|The Big City d. Satyajit Ray is out 8/20/13 in Criterion Collection edition.|
The Big City (1963)
d. Satyajit Ray
Criterion Collection #668
Out August 20th, 2013
Major epiphany this weekend when I realized I was going in the wrong direction vis a vis the Criterion Collection Spine numbers. Obviously, there is more interest in the new releases vs. the back catalog DUH. The Big City is actually coming out today, so this is literally a "new release" review.
Of course, it's not a review of the Blu Ray DVD since I watched it on the Criterion Channel on Hulu Plus, but surely the day of the release of the Criterion Collection edition is the proper time for a blog post on the film itself. Also being released today is another Satyajit Ray film, Charulata (1964.) I don't think I'm being controversial by saying that Ray is by far the most famous Indian film maker outside of India. Personally, I couldn't name another even though I have an above average level of knowledge about the history and cultures of India.
Something specifically Indian to understand about Ray is his Bengali ethnicity. India is a majority Hindu speaking country. Bengali is a separate language, different then Hindu, and speakers are concentrated in Eastern India and Bangladesh. In Bangladesh Bengali is THE language and Bengalis are the absolute majority. Within India Bengali is the majority language in the state of West Bengal but is a minority language in the rest of India. So the fact that the language of Ray's films is Bengali and Hindi is significant, somewhat analogous to a Quebecois film maker making a movie in French, or a Mexican-American film maker making a film in Spanish.
The use of language in The Big City is worth pulling out of what is essentially an interesting but conventional "Woman in the work place" melodrama that grapples with issues familiar to any viewer of American movies and television of the 50s and 60s. First of all, the characters themselves speak Bengali but will switch into and out of English when they want to use a phrase that is specific to the English language, "This is none of my business but...." for example.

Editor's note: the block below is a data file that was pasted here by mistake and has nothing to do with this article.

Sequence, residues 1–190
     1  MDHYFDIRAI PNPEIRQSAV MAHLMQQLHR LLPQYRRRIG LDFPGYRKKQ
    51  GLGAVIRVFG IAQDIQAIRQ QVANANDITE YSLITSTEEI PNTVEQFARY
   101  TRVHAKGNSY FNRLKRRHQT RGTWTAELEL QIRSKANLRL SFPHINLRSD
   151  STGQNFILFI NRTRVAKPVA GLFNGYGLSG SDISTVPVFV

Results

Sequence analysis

|Arati Mazumdar (the first role of Bollywood leading lady Madhabi Mukherjee)|
One of the co-workers of the female star of the film, Arati Mazumdar (the first role of Bollywood leading lady Madhabi Mukherjee) is an Anglo-Indian, which is an actual ethnicity in India, the children of relationships between British workers (often Scottish and Irish industrial workers) and Indians. These Anglo-Indians were citizens of India, but spoke English as their first language- despite having no history in England or outside of India. They were not typically "Upper Class" since the parentage often stemmed from working class relationships. In The Big City, the Anglo Indian character is named Edith, and she speaks to Arati in English, and Arati answers in Bengali.
In one scene, Arati goes to Edith's apartment and meets her Mother, and Anglo looking woman who speaks her English with a heavy and distinct "Indian" accent. It is Arati's defense of this Anglo-Indian friend that cues the ultimate resolution at the end of the film, so the appearance is hardly a throw-away.
Ray was supposedly inspired to take up Film after seeing the Italian neo-realist film The Bicycle Thief on a visit to London, so it is no surprise that The Big City has a distinctly realist feel. There's none of the cartoonish song and dance routines that exist in the minds of Westerners as a Bollywood stereotype.
That being said, I actually lived with a guy from India who was from West Bengal and he endlessly watched Bollywood films and they were all of the song and dance variety- he didn't have any Ray films. The Criterion Collection description of the new release says that the English subtitles are new to this edition. I would argue that it is the use of language by Ray in this film that is the most interesting aspect. That, and the performance of Mukherjee who fairly sparkles with her expressive face and mannerisms. In almost every scene I found myself thinking that she was really nailing the complicated role.